I know about your home visits. I know about your knuckles, cracked and bleeding from cleaning every square inch of your home the night before. I know about you burning the coffee cake and trying to fix your mascara before the social worker rang the doorbell.
And I know about the follow-up visits, when you hadn't slept in three weeks because the baby had colic. I know how you wanted so badly to show that you had it all together, even though you were back to working more-than-full-time, maybe without maternity leave, without the family and casseroles and welcome-home balloons and plants.
And I've seen you in foreign countries, strange lands, staying in dirty hotels, taking weeks away from work, struggling to understand what's being promised and what's not. Struggling to offer your love to a little one who is unsettled and afraid. Waiting, wishing, greeting, loving, flying, nesting, coming home.
I've seen you down the street at the hospital when a baby was born, trying to figure out where you belong in the scene that's emerging. I've seen your face as you hear a nurse whisper to the birthmother that she doesn't have to go through with this. I've seen you trying so hard to give this birthmother all of your respect and patience and compassion in those moments -- while you bite your lip and close your eyes, not knowing if she will change her mind, if this has all been a dream coming to an abrupt end in a sterile environment. Not knowing if this is your time. Not knowing so much.
I've seen you look down into a newborn infant's eyes, wondering if he's really yours, wondering if you can quiet your mind and good sense long enough to give yourself over completely.
And then, to have the child in your arms, at home, that first night. His little fingers curled around yours. His warm heart beating against yours.
I know that bliss. The perfect, guarded, hopeful bliss.
I also know about you on adoption day. The nerves that morning, the judge, the formality, the relief, the joy. The letting out of a breath maybe you didn't even know you were holding for months. Months.
I've seen you meet your child's birthparents and grandparents weeks or years down the road. I've seen you share your child with strangers who have his nose, his smile ... people who love him because he's one of them. I've seen you hold him in the evenings after those visits, when he's shaken and confused and really just wants a stuffed animal and to rest his head on your shoulder.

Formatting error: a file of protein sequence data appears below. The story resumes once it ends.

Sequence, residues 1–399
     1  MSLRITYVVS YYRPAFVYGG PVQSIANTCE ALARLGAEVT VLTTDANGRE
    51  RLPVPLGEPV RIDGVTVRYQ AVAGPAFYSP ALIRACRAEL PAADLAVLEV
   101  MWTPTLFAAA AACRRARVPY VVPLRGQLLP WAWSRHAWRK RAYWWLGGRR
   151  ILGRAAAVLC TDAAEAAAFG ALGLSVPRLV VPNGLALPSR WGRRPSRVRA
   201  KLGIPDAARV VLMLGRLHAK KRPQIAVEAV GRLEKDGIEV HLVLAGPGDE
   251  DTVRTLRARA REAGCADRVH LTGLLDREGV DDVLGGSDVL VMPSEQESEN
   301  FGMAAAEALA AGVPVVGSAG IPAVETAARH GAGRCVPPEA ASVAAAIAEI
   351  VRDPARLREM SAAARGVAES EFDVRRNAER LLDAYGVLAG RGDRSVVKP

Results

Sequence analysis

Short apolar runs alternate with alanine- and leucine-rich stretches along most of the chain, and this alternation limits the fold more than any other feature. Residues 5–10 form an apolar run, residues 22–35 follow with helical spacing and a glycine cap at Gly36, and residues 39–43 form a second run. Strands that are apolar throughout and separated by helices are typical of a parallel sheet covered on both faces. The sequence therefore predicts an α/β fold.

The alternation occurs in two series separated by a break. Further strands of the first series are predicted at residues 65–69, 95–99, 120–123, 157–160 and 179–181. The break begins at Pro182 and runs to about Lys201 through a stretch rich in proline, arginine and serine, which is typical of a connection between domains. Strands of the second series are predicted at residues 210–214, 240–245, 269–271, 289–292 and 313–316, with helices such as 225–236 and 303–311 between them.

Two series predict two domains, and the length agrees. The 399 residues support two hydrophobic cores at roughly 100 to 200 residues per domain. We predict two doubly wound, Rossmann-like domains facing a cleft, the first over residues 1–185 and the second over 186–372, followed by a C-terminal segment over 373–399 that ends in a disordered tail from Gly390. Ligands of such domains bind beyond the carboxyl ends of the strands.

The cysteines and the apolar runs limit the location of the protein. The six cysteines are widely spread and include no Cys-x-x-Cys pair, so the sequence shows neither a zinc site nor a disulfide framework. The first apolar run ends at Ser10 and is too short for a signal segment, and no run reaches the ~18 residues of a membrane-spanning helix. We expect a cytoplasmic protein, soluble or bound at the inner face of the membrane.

I've seen you worry when your child brings home a family tree project from school. Or a request to bring in photos of him and his dad, so that the class can compare traits that are passed down, like blue eyes or square chins. I know you worry, because you can protect your child from a lot of things -- but you can't protect him from being different in a world so intent on celebrating sameness.
I've seen you at the doctor's office, filling out medical histories, leaving blanks, question marks, hoping the little spaces don't turn into big problems later on.
I've seen you answer all of the tough questions, the questions that have to do with why, and love, and how much, and where, and who, and how come, mama? How come?
I've seen you wonder how you'll react the first time you hear the dreaded, "You're not my real mom." And I've seen you smile softly in the face of that question, remaining calm and loving, until you lock yourself in the bathroom and muffle your soft cries with the sound of the shower.
I've seen you cringe just a little when someone says your child is lucky to have you. Because you know with all your being that it is the other way around.
But most of all, I want you to know that I've seen you look into your child's eyes. And while you will never see a reflection of your own eyes there, you see something that's just as powerful: A reflection of your complete and unstoppable love for this person who grew in the midst of your tears and laughter -- and whose loss would be like the loss of yourself.

Mommy got to pick all of our activities for the day. So we all went to the weight room together...These two sat on my feet for ab work, see Goober in the background watching the computer???

Family pic before church. You can also see my new Vera Bradley tote that Adam secretly won for me at Bennetts Bash the Thursday night before.

They may not have my smile or my eyes but they have my whole heart!

Mommy chose to eat at CoCo's tea room in my favorite antique mall. I had asparagus/ ham quiche and tomato basil soup. The kids had grilled cheese and cheeseburger sliders. Adam had the Reuben and potato salad.

Mango Chai to drink! YUMMY